New pup Bailey did great camping - only venturing off to the neighboring campsite once or twice to lick their campfire grill clean.  We did a lot of geocaching - if you have boy children you probably already know what this is and how much fun it can be.  For those of you who haven't been introduced to this outdoor treasure hunting, read about it here.  We even attended the Texas Challenge 2012 at Ray Roberts State Park last weekend where Reid bid on and won this in the silent auction:

Yes, those are empty tins of Altoids.  Why, you might ask, would anyone need a pyramid of empty Altoid tins?  To use as geocache boxes, of course.  Fill them with treasures for others to find.  Husband gets all the credit for introducing the family to this a few years ago when the boys found a cache in the Community Park in Port Aransas and had no idea what it was.  We've come a long way.

We hiked a lot and cooked food over an open fire pit and the boys fought over who got to lay in the hammock (that is also almost 20 years old).  The only bad thing was the tick I found on me after returning home.  All those boys and the dog and it picked me.  Of course.  I plucked it off when I realized the reflection in the bathroom mirror revealed an extra freckle -- wait a minute -- that's not a freckle!  Unfortunately, in my haste to remove the nasty thing with tweezers, the head detached from the body and is still imbedded.  In me.  Yuck.  But the CDC website assures me that Lyme Disease is rarer than one might think, that it's best to get the tick off of you quickly (even if they are beheaded) and that you should keep it clean and it will heal.  My efforts to dig out the head with a needle, even with assistance from first one boy, then Husband, were unsuccessful.  I'm only slightly paranoid and checking myself about 20 times a day for a bull's eye rash and flu-like symptoms.  Good times.      


Saturday, March 17, 2012

Lucky number 13

Our oldest boy turned 13 yesterday.  A milestone of a birthday.

How did this happen?  Thirteen years.  Gone.  And he started out so small...

We of course told him the story of his birth while we camped out this past week.  Every year he picks up on something different, though the story stays the same.

He came early, this redhead.  Since it was, after all, our first rodeo, we had no idea what to expect.  I had read no further than the horror story that is labor in all of my pregnancy books.  Because I was 38 weeks pregnant, we thought we had two more weeks to prepare.  Husband was still reading his "The Expectant Father" book (the absolute best book for daddies-to-be).  We were practicing our Lamaze breathing.  We were going for all out natural childbirth.  I was unbending in this regard.  I would have no drugs.  And no formula or bottles for my baby.  I think this is what saved me:  my closed-mindedness that there could be any alternative.  Because it was so hard.  And so incredibly painful.

Our natural childbirth plans were threatened by our doctor when she informed me that I had pre-eclampsia and she would really rather we fly to Anchorage to have the baby, instead of staying in Cordova.  "Noooo!" I wailed.  Husband asked, in all seriousness, "What happens if we don't go?  If we just stay here even though you want us to leave?"  And the kind doctor, in all seriousness, replied, "That's fine.  She can have the baby here.  But you know there's a blizzard coming and that means great difficulty in life-flighting her out if we need to.  And there's no anesthesiologist here.  And I can cut her open if I have to.  But it's gonna hurt.  And there will be lots of blood."  Pause.  "Guess we better book that flight!" Husband replied.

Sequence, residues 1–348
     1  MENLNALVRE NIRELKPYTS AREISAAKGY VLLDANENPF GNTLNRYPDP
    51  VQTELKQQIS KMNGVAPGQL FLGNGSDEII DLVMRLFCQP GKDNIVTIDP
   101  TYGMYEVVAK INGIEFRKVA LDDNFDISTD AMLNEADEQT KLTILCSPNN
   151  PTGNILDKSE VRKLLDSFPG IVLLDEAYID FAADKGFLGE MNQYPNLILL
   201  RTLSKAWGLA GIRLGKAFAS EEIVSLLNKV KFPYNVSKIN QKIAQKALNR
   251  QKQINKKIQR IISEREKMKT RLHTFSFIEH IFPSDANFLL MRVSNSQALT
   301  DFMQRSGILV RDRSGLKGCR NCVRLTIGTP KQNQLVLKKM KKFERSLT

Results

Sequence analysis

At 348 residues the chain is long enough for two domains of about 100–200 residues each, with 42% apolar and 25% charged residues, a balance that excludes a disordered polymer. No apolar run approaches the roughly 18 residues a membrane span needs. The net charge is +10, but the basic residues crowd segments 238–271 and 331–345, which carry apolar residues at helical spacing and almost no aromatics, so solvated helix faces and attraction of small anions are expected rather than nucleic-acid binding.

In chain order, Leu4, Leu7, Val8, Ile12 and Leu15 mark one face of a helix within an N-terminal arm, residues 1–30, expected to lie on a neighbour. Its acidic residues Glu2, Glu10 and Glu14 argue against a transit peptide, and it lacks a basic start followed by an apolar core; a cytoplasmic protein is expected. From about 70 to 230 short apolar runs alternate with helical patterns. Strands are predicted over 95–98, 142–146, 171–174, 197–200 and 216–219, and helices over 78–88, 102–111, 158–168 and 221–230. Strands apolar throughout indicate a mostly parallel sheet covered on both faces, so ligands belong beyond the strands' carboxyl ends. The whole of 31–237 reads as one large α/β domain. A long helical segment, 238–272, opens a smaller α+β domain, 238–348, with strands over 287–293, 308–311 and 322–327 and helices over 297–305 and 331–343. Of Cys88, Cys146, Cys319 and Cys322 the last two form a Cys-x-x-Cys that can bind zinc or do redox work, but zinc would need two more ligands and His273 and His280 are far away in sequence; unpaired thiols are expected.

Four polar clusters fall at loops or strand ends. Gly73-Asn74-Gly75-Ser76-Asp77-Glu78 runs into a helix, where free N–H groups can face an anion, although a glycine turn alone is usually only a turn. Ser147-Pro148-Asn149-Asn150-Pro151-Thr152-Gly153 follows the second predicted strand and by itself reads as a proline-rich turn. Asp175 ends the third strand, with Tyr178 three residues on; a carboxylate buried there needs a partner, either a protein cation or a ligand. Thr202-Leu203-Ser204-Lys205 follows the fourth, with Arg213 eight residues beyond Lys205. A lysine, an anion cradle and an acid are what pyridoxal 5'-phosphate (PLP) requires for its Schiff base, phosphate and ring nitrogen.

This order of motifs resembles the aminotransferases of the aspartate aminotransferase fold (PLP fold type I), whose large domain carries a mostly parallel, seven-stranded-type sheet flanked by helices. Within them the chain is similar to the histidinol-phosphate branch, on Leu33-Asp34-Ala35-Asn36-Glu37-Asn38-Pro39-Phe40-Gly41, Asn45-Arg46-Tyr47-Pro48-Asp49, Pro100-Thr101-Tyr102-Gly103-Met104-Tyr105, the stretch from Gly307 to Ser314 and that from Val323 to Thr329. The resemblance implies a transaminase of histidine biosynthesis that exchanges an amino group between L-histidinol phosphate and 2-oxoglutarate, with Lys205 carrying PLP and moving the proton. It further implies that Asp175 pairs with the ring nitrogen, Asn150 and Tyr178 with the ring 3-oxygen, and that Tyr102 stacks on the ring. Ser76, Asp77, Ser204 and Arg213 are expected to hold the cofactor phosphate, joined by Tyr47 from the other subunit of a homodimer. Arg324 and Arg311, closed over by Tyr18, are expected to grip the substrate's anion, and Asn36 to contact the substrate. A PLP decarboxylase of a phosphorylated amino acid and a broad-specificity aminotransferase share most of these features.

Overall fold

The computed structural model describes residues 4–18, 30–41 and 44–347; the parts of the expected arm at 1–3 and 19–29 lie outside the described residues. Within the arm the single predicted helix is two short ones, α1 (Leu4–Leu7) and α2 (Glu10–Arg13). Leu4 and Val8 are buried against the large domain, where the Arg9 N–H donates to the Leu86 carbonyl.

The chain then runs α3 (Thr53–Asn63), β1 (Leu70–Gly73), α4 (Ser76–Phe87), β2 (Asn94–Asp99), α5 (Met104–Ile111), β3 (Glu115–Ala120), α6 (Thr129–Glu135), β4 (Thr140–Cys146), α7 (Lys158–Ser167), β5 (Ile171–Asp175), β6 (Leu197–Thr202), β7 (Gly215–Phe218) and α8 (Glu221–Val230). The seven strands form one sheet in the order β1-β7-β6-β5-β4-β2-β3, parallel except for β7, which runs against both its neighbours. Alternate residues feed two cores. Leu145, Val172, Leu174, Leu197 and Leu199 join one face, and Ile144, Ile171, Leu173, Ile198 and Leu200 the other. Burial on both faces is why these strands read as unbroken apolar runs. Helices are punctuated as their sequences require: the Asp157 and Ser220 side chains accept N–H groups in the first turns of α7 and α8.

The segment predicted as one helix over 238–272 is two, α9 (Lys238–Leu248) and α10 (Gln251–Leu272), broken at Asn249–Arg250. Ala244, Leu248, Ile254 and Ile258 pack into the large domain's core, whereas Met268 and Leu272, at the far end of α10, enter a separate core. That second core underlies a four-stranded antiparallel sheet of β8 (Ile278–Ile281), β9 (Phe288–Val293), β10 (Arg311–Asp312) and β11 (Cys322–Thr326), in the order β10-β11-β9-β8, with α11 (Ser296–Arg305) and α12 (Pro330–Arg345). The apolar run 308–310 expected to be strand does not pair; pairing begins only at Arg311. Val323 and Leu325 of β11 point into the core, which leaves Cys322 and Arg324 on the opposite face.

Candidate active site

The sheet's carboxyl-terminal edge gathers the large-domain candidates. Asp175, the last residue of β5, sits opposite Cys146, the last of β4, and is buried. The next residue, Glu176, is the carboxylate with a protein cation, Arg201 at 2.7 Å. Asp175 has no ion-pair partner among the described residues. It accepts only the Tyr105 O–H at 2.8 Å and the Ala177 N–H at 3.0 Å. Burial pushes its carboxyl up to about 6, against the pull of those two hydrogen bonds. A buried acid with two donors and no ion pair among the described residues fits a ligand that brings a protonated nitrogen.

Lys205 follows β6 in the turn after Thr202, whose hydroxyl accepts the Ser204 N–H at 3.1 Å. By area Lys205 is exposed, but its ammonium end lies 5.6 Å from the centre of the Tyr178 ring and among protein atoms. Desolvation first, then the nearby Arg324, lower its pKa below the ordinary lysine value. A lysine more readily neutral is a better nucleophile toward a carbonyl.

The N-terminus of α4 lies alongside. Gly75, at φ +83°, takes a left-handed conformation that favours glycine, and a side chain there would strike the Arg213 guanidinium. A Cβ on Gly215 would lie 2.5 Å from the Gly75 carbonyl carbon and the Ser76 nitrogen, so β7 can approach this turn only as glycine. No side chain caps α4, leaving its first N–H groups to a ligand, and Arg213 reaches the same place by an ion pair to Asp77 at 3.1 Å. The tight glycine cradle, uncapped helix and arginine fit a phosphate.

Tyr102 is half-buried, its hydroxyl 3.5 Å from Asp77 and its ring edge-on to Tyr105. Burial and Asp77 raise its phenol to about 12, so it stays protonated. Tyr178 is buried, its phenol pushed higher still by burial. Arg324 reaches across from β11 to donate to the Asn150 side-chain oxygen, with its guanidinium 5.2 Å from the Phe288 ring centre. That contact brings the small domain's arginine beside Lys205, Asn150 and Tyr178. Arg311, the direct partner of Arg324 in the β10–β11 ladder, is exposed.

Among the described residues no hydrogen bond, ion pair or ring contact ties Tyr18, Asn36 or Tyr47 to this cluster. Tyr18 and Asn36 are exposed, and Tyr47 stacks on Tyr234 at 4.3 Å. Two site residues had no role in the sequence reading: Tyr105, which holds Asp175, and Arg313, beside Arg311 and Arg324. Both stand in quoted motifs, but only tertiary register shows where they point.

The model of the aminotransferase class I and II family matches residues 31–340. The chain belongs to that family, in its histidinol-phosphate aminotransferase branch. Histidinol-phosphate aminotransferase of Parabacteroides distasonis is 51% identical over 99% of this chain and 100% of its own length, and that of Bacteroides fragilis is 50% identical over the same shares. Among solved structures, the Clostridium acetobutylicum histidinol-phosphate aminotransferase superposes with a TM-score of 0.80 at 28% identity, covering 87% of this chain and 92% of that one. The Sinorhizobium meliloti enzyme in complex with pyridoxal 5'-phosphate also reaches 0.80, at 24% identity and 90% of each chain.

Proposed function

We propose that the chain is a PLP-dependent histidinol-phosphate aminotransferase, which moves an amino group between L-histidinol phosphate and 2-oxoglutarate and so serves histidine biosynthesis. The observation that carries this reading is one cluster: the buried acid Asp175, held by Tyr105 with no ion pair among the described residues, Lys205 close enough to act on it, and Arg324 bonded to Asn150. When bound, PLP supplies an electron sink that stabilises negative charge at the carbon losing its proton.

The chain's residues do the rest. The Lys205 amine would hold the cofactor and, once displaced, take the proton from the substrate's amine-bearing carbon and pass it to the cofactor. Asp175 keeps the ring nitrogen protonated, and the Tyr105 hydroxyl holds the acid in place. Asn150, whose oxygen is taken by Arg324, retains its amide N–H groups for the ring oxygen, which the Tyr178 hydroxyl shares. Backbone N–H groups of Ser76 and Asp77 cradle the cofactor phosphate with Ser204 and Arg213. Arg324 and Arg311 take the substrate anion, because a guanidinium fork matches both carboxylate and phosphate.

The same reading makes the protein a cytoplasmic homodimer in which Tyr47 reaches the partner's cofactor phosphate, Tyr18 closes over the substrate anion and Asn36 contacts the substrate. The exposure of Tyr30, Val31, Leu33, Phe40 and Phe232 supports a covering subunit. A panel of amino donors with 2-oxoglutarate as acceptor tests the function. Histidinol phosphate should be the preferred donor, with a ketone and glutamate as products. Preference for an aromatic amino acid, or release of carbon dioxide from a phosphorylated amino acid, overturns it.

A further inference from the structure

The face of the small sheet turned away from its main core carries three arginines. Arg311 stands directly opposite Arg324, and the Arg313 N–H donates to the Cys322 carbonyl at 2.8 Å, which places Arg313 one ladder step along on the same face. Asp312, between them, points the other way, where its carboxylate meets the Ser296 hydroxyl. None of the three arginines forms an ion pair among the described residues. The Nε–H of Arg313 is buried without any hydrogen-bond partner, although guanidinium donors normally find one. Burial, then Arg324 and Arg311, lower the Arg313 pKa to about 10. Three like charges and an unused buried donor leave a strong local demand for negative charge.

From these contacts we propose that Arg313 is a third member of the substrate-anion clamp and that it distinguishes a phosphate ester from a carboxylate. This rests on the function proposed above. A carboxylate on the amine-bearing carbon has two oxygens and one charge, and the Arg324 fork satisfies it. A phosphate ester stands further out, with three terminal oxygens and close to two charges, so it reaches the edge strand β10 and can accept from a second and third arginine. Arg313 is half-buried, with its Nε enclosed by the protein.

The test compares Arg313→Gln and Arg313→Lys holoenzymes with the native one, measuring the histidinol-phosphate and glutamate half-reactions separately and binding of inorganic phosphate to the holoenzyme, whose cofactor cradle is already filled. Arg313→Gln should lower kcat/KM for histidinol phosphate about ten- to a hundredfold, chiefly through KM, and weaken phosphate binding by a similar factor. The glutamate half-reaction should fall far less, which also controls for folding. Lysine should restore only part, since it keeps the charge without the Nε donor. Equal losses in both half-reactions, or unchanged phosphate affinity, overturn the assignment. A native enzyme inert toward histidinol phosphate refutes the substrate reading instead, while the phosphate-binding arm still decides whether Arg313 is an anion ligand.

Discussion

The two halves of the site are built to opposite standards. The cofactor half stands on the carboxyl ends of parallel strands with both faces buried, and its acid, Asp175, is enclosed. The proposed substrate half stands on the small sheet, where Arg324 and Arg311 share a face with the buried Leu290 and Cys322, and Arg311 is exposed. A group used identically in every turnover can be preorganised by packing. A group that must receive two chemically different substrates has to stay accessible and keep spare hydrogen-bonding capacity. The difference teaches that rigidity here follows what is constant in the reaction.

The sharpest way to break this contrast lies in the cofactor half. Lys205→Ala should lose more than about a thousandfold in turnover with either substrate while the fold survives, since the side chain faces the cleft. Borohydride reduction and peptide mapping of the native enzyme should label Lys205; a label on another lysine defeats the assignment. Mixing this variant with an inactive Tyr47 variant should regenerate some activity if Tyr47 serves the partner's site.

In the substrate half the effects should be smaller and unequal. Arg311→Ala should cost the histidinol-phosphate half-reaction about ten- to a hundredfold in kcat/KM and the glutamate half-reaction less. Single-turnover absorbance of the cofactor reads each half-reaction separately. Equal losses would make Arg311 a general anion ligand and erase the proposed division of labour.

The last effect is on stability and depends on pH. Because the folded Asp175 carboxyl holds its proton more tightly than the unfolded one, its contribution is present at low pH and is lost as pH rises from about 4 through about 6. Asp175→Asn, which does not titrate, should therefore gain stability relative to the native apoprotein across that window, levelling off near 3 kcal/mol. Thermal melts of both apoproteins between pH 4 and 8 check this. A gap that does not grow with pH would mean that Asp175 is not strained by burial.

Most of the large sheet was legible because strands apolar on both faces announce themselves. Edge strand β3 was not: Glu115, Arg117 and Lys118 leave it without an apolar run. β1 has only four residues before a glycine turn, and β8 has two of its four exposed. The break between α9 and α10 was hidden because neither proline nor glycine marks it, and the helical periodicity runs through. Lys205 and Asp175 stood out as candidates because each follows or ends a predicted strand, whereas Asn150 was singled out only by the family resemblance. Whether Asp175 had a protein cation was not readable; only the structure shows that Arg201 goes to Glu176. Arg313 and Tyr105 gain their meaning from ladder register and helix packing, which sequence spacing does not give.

Then we packed and prepared and were stopped on Main Street by people who wished us well and knew details of my nether regions like how much I was effaced and dilated.  And we tried to sleep.  But about 1:00 a.m. I rolled over in bed and my water broke.  Like someone had turned on a faucet, right there on the mattress.  Game on.

So we drove the few blocks to the tiny hospital in the middle of the night and all my plans to walk around the halls and even get into the bathtub and listen to soothing music during labor went right out the window as the contractions gripped me.  I wanted to curl into a ball and die.  We went through our Lamaze breathing techniques quickly, finally settling on the most complicated one of all involving counting and holding up fingers and graduated pants and blows.  It worked.  But only if Husband was the one to hold up his fingers right in my face and make me focus.  If he went to the bathroom and a contraction gripped me, the nurses were helpless to get me through it without him.  So he stopped drinking any fluid at all so he wouldn't have to leave my side.  For twelve hours.

Labor.  Is it ever.

When they finally told me I could push, I thought it would be over in a matter of minutes.  I had made it this far without drugs.  I was almost done.  Wrong.  TWO AND A HALF HOURS LATER, that baby finally emerged.  Two and a half hours of me screaming and crying, "I can't do it!" and the doctor and Husband screaming back, "You're doing it!"  I was so surprised it was a boy.  A 9 pound, 11 ounce boy.  He was the biggest baby born in that hospital that the nurses could recall.

And the adventure began.  We returned home where I could be found looking like this:

Sitting on the couch nursing.  There I remained.  For the next 14 months.  Or so it seemed.

And now we're buying him size 11 men's shoes. And xBox accessories.